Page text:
At around 7:45 pm last night in Hoboken, New Jersey, three teenaged boys huddled in front of a large red door at the side of Maxwell’s Bar & Grill. Above the clatter of the kitchen staff’s clanging utensils and the head chef’s flirtatious banter with the young women walking by on the sidewalk, “Titus Andronicus Forever,” was blaring through the side door of the concert venue and spilling out on to the street, giving these eager fans a preview of the show to come hours later. As Titus Andronicus played through their sound check, two of the boys clawed at the edges of the side entrance, trying to get a better look, while one nervously stood watch. Moments later, Titus drummer Eric Harm stood at the front entrance of Maxwell’s just long enough to peak the boys’ attention before disappearing down Washington Street.

About an hour and a half later, the sidewalk was filled with Titus fans waiting to be let into the sold out show. At 9:30, the back room of Maxwell’s Bar & Grill was opened, and people began to funnel in. Maxwell’s is the perfect place to see a rock band: it’s small and dark, but charming and, all things considered, surprisingly clean. Brooklyn-based Dinowalrus, led by former Titus Andronicus touring member Peter Feigenbaum, kicked off the night with an interesting blend of psychedelic rock and electronica. Their set was energetic and engaging, if a little repetitive. Throughout Dinowalrus’s set, Feigenbaum proved himself to be a more than competent guitarist and performer, leaning into the crowd to deliver vocals and guitar solos. After playing a few songs, Feigenbaum asked the audience, “Who’s your favorite New Jersey band?” prompting a load and drunken communal shout: “Titus Andronicus!”

Before Titus took the stage to play, frontman Patrick Stickles announced that this particular concert would be a, “multi-media experience,” explaining that they had just finished up production on a new video for, “No Future Part Three: Escape From No Future,” and that the band would be screening it before their set officially started. After explaining that the video is a celebration of New Jersey and it’s rich history, Stickles joked, “We’ll be back in a few minutes to play this song again.”

As promised, Titus Andronicus returned to the stage after the screening of, “No Future Part Three,” to play, “No Future Part Three.” The band launched into the song, and the crowd immediately began to dance and cheer. As “No Future Part Three,” reached it’s uproarious coda, two hundred voices in unison shouted, “You will always be a loser,” along with Stickles and co. Titus Andronicus maintained this kind of manic energy throughout the night as they barreled through fan favorites like, “Fear and Loathing in Mahwah, NJ,” and, the self-titled, “Titus Andronicus,” from 2008’s The Airing of Grievances.

In their most epic move of the night (and believe me, there were plenty of epic moves), Titus Andronicus played Monitor tracks, “The Battle of Hampton Roads,” and, “A More Perfect Union,” continuously back to back in a 20 minute display of punk perfection. As Stickles spit out lines like, “I’m destroying everything that wouldn’t make me more like Bruce Springsteen,” and, “Baby, we were born to die,” his passion for the music that he makes became both abundantly clear and undeniably infectious. Stickles’ voice is often compared to Connor Oberst’s of Bright Eyes, but, although the comparison is tempting, it is one that is ultimately unfair. Where a young Oberst shouts and whines through albums like Fevers and Mirrors or Lifted, Stickles is bolder and more confident. A good singer is able to carry a melody and hit notes, while a great singer is able to effectively transfer emotion to his audience and share with them his pain, joy, anger, etc.; Patrick Stickles is a great singer. Don’t get me wrong, Bright Eyes is great – Titus Andronicus is just better.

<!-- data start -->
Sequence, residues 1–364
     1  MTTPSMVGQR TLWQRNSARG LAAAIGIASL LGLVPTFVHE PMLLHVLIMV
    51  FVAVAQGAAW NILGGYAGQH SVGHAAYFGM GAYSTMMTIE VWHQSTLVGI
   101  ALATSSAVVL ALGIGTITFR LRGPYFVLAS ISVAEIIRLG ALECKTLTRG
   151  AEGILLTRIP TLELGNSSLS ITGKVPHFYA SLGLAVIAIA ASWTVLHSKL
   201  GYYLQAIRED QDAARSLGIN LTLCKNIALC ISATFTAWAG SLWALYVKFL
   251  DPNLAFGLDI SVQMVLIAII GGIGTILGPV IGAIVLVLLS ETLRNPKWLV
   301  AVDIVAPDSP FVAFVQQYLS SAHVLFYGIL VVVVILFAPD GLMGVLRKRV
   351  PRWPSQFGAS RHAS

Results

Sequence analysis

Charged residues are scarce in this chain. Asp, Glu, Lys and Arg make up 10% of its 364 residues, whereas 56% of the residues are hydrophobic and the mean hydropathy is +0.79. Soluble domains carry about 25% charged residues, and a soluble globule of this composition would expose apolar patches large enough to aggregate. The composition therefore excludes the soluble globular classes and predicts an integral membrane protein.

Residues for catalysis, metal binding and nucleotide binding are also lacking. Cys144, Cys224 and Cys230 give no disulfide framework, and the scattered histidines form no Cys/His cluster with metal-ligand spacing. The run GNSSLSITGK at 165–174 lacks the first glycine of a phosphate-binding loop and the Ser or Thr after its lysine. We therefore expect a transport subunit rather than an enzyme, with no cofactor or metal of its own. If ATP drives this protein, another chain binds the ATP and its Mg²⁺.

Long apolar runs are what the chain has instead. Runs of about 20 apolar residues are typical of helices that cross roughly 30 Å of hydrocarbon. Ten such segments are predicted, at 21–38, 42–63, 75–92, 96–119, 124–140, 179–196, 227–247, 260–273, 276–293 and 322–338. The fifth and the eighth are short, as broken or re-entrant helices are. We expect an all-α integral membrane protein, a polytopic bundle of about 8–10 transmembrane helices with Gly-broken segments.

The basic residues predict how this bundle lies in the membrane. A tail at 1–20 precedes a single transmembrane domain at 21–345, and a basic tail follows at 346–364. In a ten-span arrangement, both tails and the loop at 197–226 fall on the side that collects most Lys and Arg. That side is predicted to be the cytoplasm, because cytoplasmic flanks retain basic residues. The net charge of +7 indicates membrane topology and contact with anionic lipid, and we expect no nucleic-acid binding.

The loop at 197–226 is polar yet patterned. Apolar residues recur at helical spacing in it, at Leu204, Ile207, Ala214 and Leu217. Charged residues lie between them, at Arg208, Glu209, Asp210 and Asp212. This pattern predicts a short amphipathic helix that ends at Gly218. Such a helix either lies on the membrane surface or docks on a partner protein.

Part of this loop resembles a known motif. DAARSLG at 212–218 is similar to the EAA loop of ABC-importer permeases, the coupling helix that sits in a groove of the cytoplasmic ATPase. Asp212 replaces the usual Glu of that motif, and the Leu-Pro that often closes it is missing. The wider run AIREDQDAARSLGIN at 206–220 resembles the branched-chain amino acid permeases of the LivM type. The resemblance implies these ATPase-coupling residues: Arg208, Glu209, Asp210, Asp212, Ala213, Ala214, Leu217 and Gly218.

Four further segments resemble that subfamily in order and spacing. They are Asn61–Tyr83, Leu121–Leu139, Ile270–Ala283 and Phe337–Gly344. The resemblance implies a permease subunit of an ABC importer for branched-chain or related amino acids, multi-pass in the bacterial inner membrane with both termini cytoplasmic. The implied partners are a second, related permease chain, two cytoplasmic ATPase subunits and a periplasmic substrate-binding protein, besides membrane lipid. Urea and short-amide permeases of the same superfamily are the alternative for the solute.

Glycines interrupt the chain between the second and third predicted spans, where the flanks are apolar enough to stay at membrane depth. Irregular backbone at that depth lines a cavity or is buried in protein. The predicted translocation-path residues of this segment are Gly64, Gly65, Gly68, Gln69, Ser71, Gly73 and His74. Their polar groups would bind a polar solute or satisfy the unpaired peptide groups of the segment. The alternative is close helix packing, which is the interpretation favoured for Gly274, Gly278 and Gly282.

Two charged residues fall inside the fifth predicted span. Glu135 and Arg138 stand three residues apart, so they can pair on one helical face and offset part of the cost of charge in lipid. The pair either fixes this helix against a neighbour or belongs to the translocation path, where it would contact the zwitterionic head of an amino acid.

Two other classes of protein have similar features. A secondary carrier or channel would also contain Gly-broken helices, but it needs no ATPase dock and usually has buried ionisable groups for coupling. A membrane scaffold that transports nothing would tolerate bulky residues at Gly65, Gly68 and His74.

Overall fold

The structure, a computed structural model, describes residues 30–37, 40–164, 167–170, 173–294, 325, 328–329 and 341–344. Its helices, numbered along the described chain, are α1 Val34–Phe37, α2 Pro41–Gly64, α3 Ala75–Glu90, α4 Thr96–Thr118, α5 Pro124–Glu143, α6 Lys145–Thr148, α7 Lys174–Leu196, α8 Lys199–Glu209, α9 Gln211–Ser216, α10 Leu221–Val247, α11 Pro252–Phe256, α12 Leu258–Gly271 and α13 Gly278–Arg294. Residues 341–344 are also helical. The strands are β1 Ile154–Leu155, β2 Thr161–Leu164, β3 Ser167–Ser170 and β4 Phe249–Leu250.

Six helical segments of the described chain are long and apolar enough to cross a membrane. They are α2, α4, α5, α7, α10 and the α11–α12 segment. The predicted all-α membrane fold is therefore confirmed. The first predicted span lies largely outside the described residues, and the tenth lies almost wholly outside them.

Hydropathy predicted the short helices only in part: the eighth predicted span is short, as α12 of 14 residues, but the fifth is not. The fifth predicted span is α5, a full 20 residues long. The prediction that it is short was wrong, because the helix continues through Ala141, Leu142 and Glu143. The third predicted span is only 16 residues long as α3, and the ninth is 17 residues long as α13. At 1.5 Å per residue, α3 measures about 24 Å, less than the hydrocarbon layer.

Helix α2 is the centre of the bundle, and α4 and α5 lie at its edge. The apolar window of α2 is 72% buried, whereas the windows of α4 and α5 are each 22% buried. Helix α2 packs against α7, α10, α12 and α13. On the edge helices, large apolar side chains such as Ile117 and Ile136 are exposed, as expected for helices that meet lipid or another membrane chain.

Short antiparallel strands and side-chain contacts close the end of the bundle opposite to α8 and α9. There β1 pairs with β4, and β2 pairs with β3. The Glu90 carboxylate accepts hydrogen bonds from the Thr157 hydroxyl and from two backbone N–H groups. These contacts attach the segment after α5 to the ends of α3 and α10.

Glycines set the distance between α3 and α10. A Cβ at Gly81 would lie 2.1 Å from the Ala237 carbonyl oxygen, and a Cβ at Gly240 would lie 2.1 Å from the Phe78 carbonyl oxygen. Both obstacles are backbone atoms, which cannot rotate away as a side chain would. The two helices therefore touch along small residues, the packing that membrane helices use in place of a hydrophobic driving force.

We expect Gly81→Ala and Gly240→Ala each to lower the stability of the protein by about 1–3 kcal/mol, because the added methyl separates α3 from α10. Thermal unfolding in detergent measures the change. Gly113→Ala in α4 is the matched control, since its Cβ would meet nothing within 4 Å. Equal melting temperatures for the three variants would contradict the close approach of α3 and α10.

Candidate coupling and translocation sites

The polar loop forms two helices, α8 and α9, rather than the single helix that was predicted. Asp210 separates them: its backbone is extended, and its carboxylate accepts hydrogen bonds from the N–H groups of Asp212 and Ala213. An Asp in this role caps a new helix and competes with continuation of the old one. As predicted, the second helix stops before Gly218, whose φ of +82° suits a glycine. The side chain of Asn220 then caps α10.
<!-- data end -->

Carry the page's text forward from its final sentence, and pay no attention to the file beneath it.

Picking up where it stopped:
Another highlight of the night was, “To Old Friends and New,” one of Titus Andronicus’s few slow songs. As the band began to play the song, someone shouted, “Power ballad,” from the crowed. Stickles smiled and replied, “Exactly! Power ballad.” The song is gentle and effecting, but not without Titus Andronicus’s trademark rowdiness. On The Monitor, “To Old Friends and New,” benefits from lush production including vocal modulators and orchestral arrangements, but in a live setting all of that is stripped away, leaving only the raw emotion and execution of the five-piece band. It’s one of the strongest songs in their catalogue, and it was an asset to their performance. Titus ended their set with, “Four Score and Seven,” an obvious choice for a closing song given its shifting and building structure. The room again erupted with voices, as Stickles lead a drunken chorus singing, “You won’t be laughing so hard.”

After the concert, a group of four men stood outside Maxwell’s smoking cigarettes and discussing the show. Much like that of the teen-agers waiting outside earlier in the night, these men’s excitement was palpable while they talked over the concert that had ended just minutes ago. They tried to identify the band’s sound, one using the phrase, “updated Nirvana,” while the other argued for, “punk Bruce Springsteen,” but they never could reach a conclusion that satisfied all four of them. Which is unsurprising: Titus Andronicus’s sound is so complex, so rooted in tradition, but uniquely theirs, that it really is impossible to put them in a box. Only two albums and a handful of EP’s and singles into their career, Titus Andronicus has already become a force to reckon with, and not only within the indie punk community; in terms of talent and ambition, Titus Andronicus can hold their own against anyone.